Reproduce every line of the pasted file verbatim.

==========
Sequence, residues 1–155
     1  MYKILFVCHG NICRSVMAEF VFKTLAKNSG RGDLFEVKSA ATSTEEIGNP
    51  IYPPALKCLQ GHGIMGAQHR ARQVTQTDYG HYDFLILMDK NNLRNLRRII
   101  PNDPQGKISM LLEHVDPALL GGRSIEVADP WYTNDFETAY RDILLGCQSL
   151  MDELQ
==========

Sequence, residues 1–155
     1  MYKILFVCHG NICRSVMAEF VFKTLAKNSG RGDLFEVKSA ATSTEEIGNP
    51  IYPPALKCLQ GHGIMGAQHR ARQVTQTDYG HYDFLILMDK NNLRNLRRII
   101  PNDPQGKISM LLEHVDPALL GGRSIEVADP WYTNDFETAY RDILLGCQSL
   151  MDELQ